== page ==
Stumbling stylishly into public consciousness in a shearling coat, Darwin-- or The Ikea Monkey, as he has come to be known-- rocketed to internet fame, spawning a host of memes and setting twitter aflame with delight, bemusement, and snark.
The story itself is still unfolding, and has been covered to death elsewhere-- The Star has a couple of good articles about it, if you want to learn more-- so I'll leave all that aside. Instead, I'd like to talk about the species for which the adorable Darwin has become an unwitting representative.
All In the Family
Rhesus macaques are a species of old world monkey. They are brown or grey in colour with long pink faces, and stand a mere half-metre tall when fully grown. An adult male macaque weighs about 8 kg, while a female weighs only 5.
Extremely social animals, rhesus macaques live in tight-knit communities called troops. Troops are matrilineal and largely female. Males are few in number, and invariably come from neighbouring troops, whereas female macaques generally descend from female macaques of the same troop.
Males born into the troop are treated well until they reach adolescence (age 4 or 5 in macaques), at which point the troop's dominant males chase them away. Exiled and at constant risk from predators, adolescent macaques form gangs and roam the countryside, living a semi-nomadic existence at the outer fringes of macaque society.
These teenage runaways live lives of savage bravado, undergoing a fierce sort of Darwinian trial by fire. The mortality rate among the gangs is many times that of the troops themselves, and the adolescent males are, understandably, eager to rejoin a troop.
How do they do this? Much the same way that female macaques improve their social standing within the troop: by picking up on, and responding appropriately to, the thousands of subtle cues that make up macaques' social lives.
In this sense, macaques are very human-like.They form close familial bonds as humans do, observing a different but no less rigid code of behaviour. Top macaques engage in a constant struggle for power, endlessly sizing up rival families and waiting for the chance to topple a dynasty and take its place at the top. Male adolescent macaques, meanwhile, live in the moment. They tend to be brash, reckless, and preternaturally drawn to risk.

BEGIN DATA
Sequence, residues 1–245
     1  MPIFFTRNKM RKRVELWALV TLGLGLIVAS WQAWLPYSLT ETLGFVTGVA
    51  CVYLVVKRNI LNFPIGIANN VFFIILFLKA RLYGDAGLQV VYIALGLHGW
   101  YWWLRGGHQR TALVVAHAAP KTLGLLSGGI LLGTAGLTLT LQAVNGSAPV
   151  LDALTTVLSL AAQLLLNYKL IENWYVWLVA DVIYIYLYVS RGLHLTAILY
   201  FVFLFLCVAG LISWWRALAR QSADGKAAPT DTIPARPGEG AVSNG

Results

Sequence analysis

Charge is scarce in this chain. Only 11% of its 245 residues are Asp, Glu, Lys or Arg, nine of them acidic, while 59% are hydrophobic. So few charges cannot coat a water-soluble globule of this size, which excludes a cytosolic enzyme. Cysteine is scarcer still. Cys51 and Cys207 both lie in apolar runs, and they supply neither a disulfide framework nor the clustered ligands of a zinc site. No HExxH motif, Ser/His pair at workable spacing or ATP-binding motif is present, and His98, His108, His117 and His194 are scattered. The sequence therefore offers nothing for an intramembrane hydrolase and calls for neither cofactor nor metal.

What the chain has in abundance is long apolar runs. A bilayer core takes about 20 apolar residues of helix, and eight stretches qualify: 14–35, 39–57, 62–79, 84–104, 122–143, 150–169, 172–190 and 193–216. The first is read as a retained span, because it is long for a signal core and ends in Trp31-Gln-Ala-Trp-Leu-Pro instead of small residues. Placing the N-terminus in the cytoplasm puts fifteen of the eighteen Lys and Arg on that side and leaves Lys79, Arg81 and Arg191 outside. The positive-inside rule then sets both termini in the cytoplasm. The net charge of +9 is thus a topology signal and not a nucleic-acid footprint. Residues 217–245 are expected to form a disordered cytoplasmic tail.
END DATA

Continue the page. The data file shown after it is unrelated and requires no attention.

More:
The similarities don't end there. Macaques get depressed, anxious, and impulsive, much like humans. They even suffer from alcoholism.
We're Not So Different, You and I
Of course, we share many of these traits with most of our primate cousins. And though macaques are our relations, sharing 93% of our DNA, they are distant indeed when compared to other old world monkeys like chimpanzees, who share a whopping 95-98% (the exact number is disputed). To reach the common ancestor of macaques and man, you'd have to travel 25 million years back in time; with chimps, the trip would be 6 million years, a trifle by geological standards.
Yet there is one trait that is, among primates, unique to humans and macaques. It's a tricky sort of thing to pin down, a tenacious tendency I'll call adaptability.
Take a group of apes or chimps or baboons from their natural habitat and drop them unceremoniously on a new continent. Pay no mind to the climate, geography, flora, or fauna with which this adoptive home provides them. Give them no familiar food, no prefabricated shelter, no help of any kind. Odds are they'll be dead in a year, victims of a culture shock so potent and profound it cut through their intelligence, instinct, and strength, severing the cord of hope that tethered them to existence.
Humans don't have this problem. In fact, we've performed this very experiment on ourselves over and over again for hundreds of thousands of years. The only reason we stopped is because we ran out of empty places to inhabit (and even then we spent an embarrassing set of centuries conquering territories and kicking out their former residents so as to give ourselves a fresh shot at settling in an alien land).
While a little less proactive in their expansion, macaques are no less adaptable. Their native territory extends an impressive distance, stretching from the deserts of Afghanistan through the jungles of the Indian subcontinent, the forests of Bhutan, and the Himalayan foothills of Nepal, all the way to the eastern coast of China.
Macaque troops have thrived in rural Maryland, the arid plains of Texas, the swamps of Louisiana, and the Subtropical climes of the San Fernando Valley. Granted, these American colonies operate under human supervision.
But don't think macaques couldn't get along without us.
In 1938, a Florida businessman known as "Colonel Tooey" released a troop of rhesus macaques into the Silver River State Park in order to give his jungle cruise attraction a touch of exotic flavour. Flash forward seventy years and the macaques are still there. Their numbers have expanded to the point where they have become the bane of local farmers, who have repeatedly attempted to exterminate them without success.
Think of that. An invasive species of primate taking over land and causing no end of trouble for the indigenous population.
Again, sound familiar?